I feel I have to start with the bad news, news which almost had me in tears when I realised it wasn’t there; there’s no karaoke bar! We’ve also lost a few other notable locations such as New Serena, Bowling, The park, and the casino in the sewers. All’s not lost though, they have been replaced with new bars and food joints, a VR game, new casino locations and drone racing. So, some things are gone yet replaced with new and exciting activities to play with. Also, just in case you weren’t aware, Kamurocho is the only city within Judgment – which was initially a disappointment but it makes sense as the story unfolds.
So, let’s take a look at the games you’ll be playing for hours and hours in order to gain money, unlock new items, or generally just have fun with!
The Sega Arcades are back with fully emulated versions of Virtua Fighter 5: Showdown, Space Harrier, Puyo-Puyo, Fantasy Zone, House of the Dead, and many more… That’s right, there’s a full House of the Dead mini-game called Kamuro of the Dead. It’s essentially a light-gun game where you use your controller to aim, but it’s based on the streets of Kamurocho – just like Yakuza: Dead Souls. Now, I feel the developers missed out here as the game does use motion controls to shake off biting enemies as they grab you, but there are no motion controls for the actual aiming. I would personally love for this mini-game to get expanded and released as its own game, especially if it was placed into VR with Move and Aim Controller support!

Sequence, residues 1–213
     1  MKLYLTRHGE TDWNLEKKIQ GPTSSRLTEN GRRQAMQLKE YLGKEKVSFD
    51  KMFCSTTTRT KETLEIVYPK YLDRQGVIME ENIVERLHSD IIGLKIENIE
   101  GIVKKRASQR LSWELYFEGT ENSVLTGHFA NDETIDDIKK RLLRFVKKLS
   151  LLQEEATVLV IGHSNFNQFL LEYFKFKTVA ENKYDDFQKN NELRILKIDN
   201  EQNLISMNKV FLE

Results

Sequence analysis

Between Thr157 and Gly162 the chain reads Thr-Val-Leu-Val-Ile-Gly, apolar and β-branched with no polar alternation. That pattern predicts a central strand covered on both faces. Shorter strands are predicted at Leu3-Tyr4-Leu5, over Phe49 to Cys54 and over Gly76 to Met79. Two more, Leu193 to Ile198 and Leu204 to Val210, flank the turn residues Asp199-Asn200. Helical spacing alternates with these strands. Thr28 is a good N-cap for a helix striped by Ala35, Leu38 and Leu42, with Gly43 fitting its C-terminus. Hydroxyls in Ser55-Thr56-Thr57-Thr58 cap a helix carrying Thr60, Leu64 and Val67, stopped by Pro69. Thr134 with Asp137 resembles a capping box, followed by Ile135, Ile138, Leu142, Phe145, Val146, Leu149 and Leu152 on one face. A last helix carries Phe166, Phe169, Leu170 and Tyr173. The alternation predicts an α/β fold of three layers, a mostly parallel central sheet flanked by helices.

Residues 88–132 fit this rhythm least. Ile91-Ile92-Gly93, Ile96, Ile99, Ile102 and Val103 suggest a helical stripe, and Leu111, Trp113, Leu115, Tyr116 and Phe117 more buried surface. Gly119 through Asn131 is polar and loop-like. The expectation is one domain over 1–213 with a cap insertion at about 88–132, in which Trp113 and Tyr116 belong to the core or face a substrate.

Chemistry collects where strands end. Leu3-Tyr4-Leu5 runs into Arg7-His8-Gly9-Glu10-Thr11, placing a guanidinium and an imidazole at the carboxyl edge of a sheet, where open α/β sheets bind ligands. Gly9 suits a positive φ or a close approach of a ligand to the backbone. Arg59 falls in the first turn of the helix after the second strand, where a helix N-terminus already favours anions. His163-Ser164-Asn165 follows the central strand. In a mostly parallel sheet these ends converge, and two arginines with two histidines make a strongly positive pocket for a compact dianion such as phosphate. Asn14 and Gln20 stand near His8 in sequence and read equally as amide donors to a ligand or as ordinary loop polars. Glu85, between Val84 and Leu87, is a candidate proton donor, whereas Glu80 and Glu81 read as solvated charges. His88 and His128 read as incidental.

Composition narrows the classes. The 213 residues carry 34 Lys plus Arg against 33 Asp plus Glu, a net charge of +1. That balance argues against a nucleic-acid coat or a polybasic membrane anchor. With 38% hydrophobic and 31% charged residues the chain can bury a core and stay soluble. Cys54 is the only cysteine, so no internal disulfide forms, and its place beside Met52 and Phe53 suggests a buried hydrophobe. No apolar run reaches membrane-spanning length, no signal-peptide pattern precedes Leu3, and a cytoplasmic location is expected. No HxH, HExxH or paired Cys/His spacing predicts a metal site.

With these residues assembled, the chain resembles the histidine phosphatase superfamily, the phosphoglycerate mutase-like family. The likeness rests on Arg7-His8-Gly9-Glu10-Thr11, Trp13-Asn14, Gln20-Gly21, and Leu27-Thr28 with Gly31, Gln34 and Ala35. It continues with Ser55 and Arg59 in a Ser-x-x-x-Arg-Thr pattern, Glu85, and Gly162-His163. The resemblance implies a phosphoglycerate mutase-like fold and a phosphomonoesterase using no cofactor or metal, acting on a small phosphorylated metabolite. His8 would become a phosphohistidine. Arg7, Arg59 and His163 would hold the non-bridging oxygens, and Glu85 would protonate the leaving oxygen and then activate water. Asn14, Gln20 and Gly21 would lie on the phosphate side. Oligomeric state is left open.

Speaking of VR, this new game replaces bowling (as it’s in the same building). Think Mario Party crossed with the Nyan cat and Clippy, the Microsoft Word paperclip assistant. The premise is simple, get to the exit without dying or running out of dice rolls. Here, you can be thrown into random battles, get given gifts, have to destroy tonnes of objects, or stripped of all your rewards by a giant Nyan cat! As this isn’t set within the world of Judgment, it’s in VR within the game (not actual VR for us), the game imposes new rules like giving you dual lightsabers or a rocket launcher in some fights. Although it’s awesome and the rewards for completing the game are incredible, I wish we had these funky weapons outside of the game in the real world as well!
Drone Racing! As a detective, one of your best tools is your drone – it allows you to spy on people in their rooms, get into obstructed places, and gather evidence without being noticed. However, you can also pimp out your ‘toy’ and participate in single, tournament or online races in order to unlock new parts and trophies. I won’t lie, I suck at these as I end up bouncing off the walls, breaking my drone, coming in fourth or fifth place, and generally being booed out of the building. I have won a few races though, I just find there’s no point racing online or against ghost data unless you have pimped out everything, as you’re put against Japanese ghost data – people who have had the game for months already.